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Forzani CEO Bob Sartor (Todd Korol)
Forzani CEO Bob Sartor (Todd Korol)

Forzani makes bland Canadian Tire cool Add to ...

Eighteen- to 35-year olds dominate consumer behaviour and pop culture. It may be hard for anyone outside this age range to admit, but the statistics speak for themselves.

That fact has been a problem for Canadian Tire because until now, the firm has had little traction with this demographic sector. The merger with Forzani changes everything.

Canadian Tire readily concedes that it best serves the young and the old. "A customer that eludes us is the younger demographic that shops the country's malls and urban centres," chief executive officer Stephen Wetmore said on a conference call Monday

At the moment, parents may buy their kids' first bikes at Canadian Tire, but as the children age, they want something that's a bit cooler, or in style. They want the best gear and the more expensive bikes, and Canadian Tire doesn't offer that. But Forzani does.

In other words, the Forzani acquisition will allow Canadian Tire to touch all points of the customer life cycle. At the moment, the company brings in young kids for sports equipment, along with their parents and other adults who need hard goods for their homes and gardens, but misses the important 18- to 35-year-old market.

Canadian Tire execs also praise the deal as a complementary merger. Mr. Wetmore noted that when a Forzani chain opens near a Canadian Tire store, sales at that Canadian Tire store drop by only 1 per cent. That's because 70 per cent of Forzani's sales come from apparel and footwear, not hard goods.

The $771-million acquisition is being financed with $500-million in cash and the rest in short-term financing. The purphase price estimates Forzani's enterprise value at 7.3 times its earnings before interest, taxes, depreciation and ammortization over the last year. Combined, Forzani will contribute between 8 and 14 per cent of the merged company's revenues, EBITDA and cash flow.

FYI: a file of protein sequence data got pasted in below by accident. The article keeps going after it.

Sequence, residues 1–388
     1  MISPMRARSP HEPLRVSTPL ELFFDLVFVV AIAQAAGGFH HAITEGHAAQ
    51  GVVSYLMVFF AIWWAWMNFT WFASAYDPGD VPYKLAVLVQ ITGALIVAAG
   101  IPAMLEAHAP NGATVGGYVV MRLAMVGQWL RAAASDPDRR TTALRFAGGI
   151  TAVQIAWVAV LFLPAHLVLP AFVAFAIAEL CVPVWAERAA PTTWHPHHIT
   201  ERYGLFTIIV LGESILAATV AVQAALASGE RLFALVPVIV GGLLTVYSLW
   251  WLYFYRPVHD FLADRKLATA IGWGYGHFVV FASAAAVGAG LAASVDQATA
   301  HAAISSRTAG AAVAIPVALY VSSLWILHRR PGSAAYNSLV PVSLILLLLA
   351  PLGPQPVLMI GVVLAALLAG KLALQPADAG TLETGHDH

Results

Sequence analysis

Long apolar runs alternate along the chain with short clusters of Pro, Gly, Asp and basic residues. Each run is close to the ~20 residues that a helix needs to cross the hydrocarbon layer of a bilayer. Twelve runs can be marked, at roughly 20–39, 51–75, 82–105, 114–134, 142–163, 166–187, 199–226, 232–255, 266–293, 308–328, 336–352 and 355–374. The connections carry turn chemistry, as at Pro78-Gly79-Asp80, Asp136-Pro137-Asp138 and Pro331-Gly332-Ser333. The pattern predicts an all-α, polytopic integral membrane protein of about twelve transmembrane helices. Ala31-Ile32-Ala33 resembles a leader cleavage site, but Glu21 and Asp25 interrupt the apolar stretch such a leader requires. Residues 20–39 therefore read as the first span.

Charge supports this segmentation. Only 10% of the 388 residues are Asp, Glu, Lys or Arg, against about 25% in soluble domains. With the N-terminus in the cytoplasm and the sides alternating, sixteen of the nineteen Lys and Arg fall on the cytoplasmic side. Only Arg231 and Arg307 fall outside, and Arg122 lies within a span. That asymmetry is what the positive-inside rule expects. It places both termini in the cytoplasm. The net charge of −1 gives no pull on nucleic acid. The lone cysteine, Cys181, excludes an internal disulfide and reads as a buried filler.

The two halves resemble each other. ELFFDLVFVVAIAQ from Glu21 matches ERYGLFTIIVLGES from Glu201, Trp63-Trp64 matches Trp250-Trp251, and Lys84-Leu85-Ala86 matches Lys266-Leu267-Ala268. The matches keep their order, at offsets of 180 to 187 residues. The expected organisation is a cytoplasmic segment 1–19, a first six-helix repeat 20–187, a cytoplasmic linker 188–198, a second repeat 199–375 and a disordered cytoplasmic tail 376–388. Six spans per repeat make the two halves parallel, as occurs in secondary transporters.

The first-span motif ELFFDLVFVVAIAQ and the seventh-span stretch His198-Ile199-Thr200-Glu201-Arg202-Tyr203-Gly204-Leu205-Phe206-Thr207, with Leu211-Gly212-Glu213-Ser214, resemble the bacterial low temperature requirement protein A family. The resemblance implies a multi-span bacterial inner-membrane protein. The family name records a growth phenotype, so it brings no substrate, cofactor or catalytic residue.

On the conference call, Canadian Tire said it approached Forzani, which raises the question of why now? "A lot's changed in the last two or three years to get us to this point," Mr. Wetmore said. In early 2009, the company's balance sheet wasn't in good shape, and once it recovered, managment had to organize things behind the scenes, getting things like the supply chain just right.

With everything now settled, the company had time to look for targets. With Forzani, they found a partner that also dominates the hockey equipment market. (Both Canadian Tire and Forzani are the No. 1 and 2 sellers in Canada.) That, naturally, caused analyst Keith Howlett at Desjardins Securities to ask Mr. Wetmore who he thought was the better hockey player: Sidney Crosby or Jonathan Toews? (Crosby has an endorsement deal with Sport Chek; Toews has one with Canadian Tire.)

The question brought some laughter. "I'm not commenting on that one," Mr. Wetmore replied, chuckling.

BMO Nesbitt Burns advised Canadian Tire on the financial terms while Goodmans LLP and Stikeman Elliott LLP advised on legal matters.

Greenhill & Co. Canada advised Forzani on financial matters and Blake, Cassels & Graydon LLP provided legal advice.

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